Geothermal Loop Types

We install "closed loop" loop fields. The loop field transfers heat to and from the ground, eliminating the need for fossil fuels. It is the heart of a geothermal system and the biggest advantage over ordinary technologies.

Vertical Loops

 
Vertical Loops Vertical loops are used where space is limited or where soil conditions are not conducive to horizontal loops. Installing vertical loops requires the use of a drilling rig. Multiple holes are bored about 10 feet apart. A double pipe connected with a U-bend is inserted into each hole. The hole is filled with grout to provide good contact around the pipe and to seal the hole. The vertical pipes are then connected to a header system horizontally a few feet below the surface. The depth of the holes is dependent upon soil/rock conditions and the size of the system. Although most holes are bored about 100 to 250 feet deep, there is no "magic depth" that needs to be reached.

Horizontal Loops

 
Horizontal Loops If adequate land is available, horizontal loops can be installed. One or more trenches are dug using a backhoe or chain trencher. Polyethylene pipes are inserted and the trenches are backfilled. There are various designs of horizontal loops. Trenches are usually 250 feet. A typical home requires 1/4 to 3/4 of an acre for the trenches.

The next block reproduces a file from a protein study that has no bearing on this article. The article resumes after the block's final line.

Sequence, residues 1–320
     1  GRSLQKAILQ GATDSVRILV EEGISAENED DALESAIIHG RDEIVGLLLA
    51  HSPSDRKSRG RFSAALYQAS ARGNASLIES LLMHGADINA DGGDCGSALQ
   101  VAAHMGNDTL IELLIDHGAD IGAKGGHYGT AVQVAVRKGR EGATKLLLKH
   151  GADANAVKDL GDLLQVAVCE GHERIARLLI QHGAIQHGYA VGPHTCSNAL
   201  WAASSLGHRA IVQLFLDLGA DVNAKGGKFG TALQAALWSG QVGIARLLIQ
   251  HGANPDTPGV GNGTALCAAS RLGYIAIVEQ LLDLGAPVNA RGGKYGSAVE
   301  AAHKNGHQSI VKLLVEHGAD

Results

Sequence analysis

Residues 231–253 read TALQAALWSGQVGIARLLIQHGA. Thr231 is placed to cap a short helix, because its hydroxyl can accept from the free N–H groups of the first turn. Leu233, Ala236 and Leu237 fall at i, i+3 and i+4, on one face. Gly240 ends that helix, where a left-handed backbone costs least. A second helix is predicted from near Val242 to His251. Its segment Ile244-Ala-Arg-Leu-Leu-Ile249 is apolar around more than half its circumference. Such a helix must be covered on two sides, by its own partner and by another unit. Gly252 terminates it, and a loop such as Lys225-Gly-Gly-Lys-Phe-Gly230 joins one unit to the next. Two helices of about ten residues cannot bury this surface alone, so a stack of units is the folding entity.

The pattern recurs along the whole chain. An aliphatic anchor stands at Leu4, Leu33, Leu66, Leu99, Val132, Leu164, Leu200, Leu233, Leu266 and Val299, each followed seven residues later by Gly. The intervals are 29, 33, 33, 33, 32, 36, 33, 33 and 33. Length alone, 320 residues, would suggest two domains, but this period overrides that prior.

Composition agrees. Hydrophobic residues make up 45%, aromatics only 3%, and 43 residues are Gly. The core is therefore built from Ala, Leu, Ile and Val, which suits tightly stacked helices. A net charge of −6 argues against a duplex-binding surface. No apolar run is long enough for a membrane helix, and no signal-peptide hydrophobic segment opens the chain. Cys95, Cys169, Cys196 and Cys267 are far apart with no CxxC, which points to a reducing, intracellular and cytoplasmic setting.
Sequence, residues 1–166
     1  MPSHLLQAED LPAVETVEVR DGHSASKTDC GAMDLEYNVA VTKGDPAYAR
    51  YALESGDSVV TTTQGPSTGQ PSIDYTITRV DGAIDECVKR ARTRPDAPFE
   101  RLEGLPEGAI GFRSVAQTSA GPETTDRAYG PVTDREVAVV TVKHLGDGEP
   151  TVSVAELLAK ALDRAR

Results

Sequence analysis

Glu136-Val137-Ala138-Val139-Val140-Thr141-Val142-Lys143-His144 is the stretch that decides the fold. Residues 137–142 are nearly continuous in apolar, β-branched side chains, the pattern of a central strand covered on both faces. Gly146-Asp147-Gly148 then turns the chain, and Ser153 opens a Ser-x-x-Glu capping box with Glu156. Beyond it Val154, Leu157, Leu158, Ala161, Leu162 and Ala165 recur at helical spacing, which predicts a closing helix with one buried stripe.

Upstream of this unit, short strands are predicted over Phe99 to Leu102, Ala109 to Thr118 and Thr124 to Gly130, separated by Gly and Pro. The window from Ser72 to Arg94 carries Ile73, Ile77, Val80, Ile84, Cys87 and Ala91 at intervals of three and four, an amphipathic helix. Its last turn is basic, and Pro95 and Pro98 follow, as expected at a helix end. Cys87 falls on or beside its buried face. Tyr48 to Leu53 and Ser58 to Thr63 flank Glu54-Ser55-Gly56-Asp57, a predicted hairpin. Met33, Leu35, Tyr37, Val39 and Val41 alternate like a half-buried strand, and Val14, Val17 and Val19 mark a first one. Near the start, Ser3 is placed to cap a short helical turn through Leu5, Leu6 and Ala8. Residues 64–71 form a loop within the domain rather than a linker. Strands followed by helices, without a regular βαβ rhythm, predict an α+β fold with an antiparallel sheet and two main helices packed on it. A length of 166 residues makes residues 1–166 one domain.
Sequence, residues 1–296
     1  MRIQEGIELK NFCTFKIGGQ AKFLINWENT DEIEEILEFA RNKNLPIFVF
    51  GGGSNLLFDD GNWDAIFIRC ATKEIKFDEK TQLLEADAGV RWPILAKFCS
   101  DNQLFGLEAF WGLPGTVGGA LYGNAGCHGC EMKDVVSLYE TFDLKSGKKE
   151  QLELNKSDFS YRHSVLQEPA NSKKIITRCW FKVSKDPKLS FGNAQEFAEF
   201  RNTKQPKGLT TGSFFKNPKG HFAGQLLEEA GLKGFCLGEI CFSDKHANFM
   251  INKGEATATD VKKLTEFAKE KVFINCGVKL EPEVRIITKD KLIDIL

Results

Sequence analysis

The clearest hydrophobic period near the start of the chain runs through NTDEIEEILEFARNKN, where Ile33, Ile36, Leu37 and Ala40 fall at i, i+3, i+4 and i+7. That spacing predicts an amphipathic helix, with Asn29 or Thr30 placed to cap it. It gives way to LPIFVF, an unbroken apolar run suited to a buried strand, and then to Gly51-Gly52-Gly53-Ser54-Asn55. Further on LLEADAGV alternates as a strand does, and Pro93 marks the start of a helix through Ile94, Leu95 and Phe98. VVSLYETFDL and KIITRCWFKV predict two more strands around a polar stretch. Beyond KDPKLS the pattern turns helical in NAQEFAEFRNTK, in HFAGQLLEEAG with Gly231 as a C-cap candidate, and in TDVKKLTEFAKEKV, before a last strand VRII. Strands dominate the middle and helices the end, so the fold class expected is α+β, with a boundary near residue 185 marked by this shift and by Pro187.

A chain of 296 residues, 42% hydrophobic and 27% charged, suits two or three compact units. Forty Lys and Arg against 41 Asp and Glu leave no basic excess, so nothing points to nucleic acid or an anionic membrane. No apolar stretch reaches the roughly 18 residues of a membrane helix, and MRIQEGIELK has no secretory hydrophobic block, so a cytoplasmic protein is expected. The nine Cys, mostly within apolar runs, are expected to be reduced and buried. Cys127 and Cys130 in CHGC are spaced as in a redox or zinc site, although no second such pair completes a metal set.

Pond Loops

 
Pond Loops If an adequately sized body of water is close to your home, a pond loop can be installed. A series of closed loops can be coiled and sunk into the bottom. Ideally, the pond should be close to the home (less than 200 ft.). If the pond is farther from the home, the benefit of using a pond loop is reduced due to added trenching, materials and pumping costs. Pond loop coils are connected together on dry land, and then floated into location. Once filled with fluid, they will sink to the bottom and remain there. Pond loops are a cost effective way to install a geothermal system, because trenching is limited to only the supply and return piping from the pond to the house.
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